Trump also has his own money and, more to the point, understands and knows how to exploit the media. This has made him supremely confident, to the extent that he violates yet another of the Roberts/ Attila rules, i.e., to never underestimate one’s opponents. “Do not underestimate the power of an enemy, no matter how great or small, to rise against you on another day.”[15]

Trump’s principal opponent, Senator Ted Cruz, does exactly that, by manipulating post-election events at the state level. Apparently his people, or their sympathizers, often are selected as delegates to the Republican convention, regardless of the popular vote. The media explain this by saying that while Trump gets the votes, Cruz has the better “ground game.” This isn’t really a moral justification, you understand; if it were, it would be like saying that a burglar may break into a home, simply because the homeowner forgot to lock the front door. Any lawyer who defended a client that way would lose, unless, of course, there were psychopaths on the jury.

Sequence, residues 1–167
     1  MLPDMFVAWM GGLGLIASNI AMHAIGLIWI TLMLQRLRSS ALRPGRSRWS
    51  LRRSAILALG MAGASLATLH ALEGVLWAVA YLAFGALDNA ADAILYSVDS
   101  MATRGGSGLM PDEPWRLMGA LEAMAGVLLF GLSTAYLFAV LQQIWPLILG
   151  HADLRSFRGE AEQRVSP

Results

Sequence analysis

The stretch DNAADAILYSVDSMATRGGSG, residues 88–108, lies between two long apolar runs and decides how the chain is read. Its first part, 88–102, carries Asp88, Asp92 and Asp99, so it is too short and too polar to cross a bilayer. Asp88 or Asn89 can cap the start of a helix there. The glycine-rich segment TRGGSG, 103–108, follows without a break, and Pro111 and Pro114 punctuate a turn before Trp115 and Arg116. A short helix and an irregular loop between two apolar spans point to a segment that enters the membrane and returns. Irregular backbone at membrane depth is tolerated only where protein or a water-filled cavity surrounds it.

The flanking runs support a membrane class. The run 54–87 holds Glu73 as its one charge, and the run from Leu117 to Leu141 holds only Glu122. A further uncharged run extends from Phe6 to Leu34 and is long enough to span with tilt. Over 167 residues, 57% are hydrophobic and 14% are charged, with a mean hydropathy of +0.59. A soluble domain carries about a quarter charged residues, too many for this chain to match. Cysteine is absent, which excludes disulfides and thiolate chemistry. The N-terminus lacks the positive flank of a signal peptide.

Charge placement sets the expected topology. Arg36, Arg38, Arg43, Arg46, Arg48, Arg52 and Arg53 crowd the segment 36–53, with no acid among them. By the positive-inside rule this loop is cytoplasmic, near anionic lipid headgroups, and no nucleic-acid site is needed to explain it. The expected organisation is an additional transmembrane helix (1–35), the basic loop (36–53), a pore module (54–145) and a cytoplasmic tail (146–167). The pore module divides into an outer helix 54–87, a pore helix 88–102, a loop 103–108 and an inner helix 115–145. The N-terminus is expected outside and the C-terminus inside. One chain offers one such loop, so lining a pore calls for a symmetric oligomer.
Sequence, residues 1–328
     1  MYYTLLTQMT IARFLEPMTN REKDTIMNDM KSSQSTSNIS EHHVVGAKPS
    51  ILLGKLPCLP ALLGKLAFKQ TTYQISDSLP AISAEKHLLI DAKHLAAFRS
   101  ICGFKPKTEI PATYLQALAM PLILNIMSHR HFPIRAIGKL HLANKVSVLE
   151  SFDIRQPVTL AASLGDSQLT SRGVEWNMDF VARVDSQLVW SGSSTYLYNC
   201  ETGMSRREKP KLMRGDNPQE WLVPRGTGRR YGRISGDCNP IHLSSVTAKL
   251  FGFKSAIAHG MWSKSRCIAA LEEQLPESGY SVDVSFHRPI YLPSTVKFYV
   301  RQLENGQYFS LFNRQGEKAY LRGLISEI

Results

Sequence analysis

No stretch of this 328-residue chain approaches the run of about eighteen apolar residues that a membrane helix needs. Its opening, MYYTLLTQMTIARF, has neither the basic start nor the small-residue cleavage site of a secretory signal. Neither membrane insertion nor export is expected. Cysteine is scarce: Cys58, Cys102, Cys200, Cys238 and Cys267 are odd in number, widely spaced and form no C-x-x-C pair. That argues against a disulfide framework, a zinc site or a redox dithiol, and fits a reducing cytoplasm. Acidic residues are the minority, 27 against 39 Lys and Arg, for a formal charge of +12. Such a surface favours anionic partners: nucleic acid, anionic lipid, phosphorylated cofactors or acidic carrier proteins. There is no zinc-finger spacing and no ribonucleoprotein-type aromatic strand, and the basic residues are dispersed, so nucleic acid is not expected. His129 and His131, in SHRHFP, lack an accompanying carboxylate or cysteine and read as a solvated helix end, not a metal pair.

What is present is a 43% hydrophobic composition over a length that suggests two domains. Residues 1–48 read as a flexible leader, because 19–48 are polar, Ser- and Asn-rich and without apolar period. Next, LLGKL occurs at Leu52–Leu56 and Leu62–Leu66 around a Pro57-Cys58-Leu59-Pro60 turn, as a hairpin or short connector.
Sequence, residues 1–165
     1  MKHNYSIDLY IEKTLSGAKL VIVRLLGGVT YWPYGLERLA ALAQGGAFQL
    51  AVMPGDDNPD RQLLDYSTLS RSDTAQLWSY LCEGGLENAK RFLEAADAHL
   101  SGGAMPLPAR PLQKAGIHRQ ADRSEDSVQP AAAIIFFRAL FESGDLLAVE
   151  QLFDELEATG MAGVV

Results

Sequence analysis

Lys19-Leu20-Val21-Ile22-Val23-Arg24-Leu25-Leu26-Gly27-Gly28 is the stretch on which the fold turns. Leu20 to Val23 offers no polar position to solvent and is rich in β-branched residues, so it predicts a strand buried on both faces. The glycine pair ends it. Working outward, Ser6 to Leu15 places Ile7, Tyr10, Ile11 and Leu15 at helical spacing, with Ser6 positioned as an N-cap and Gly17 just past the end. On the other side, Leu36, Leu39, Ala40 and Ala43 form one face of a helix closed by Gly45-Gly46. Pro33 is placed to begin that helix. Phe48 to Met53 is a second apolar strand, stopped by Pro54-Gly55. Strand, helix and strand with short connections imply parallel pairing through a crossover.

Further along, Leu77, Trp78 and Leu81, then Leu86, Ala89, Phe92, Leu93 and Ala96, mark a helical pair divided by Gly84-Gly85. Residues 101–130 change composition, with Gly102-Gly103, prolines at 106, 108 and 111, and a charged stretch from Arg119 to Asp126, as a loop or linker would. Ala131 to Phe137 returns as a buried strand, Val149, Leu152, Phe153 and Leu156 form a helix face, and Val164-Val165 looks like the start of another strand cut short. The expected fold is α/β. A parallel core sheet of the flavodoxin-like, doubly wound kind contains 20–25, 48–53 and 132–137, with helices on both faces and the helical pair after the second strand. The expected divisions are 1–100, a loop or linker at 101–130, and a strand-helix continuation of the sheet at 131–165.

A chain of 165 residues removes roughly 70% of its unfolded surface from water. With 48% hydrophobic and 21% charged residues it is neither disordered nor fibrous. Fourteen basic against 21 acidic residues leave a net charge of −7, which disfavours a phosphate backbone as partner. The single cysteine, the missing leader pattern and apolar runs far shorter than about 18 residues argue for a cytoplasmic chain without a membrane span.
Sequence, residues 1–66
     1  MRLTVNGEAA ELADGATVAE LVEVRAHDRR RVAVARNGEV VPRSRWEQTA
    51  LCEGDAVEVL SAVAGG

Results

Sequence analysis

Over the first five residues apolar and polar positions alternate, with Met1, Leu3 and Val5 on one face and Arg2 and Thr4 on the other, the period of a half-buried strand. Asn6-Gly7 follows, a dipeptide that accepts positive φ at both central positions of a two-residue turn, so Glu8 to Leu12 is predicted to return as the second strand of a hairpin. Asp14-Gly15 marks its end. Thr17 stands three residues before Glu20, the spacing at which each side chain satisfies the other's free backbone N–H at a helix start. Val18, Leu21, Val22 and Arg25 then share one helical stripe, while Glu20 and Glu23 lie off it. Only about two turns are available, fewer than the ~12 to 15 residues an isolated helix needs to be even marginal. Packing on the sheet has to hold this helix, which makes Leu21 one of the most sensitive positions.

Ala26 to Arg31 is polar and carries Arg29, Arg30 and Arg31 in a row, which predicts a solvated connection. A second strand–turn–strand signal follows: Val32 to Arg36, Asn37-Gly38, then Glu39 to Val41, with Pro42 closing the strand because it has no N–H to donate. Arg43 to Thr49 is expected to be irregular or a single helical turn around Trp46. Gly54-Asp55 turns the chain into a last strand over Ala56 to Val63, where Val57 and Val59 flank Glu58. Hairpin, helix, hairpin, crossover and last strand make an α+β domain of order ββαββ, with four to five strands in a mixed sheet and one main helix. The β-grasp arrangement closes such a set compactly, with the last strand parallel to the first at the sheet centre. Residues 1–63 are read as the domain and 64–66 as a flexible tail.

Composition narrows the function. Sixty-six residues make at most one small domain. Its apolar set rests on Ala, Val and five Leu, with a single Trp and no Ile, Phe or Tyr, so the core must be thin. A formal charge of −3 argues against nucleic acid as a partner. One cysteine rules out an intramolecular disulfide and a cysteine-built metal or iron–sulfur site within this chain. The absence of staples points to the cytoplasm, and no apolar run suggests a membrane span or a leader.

Trump’s adversaries fully understand King Attila’s other rule; if the enemy is too strong, regroup and come back another day;[16] but why are they so persistent? Why have they coalesced behind a single candidate – Senator Ted Cruz – whom they may dislike, simply to defeat Donald Trump? What’s the reason for the “Anybody but Trump!” phenomenon? Well, I have a theory, but it’s only that. There are no guarantees here at Elemental Zoo Two.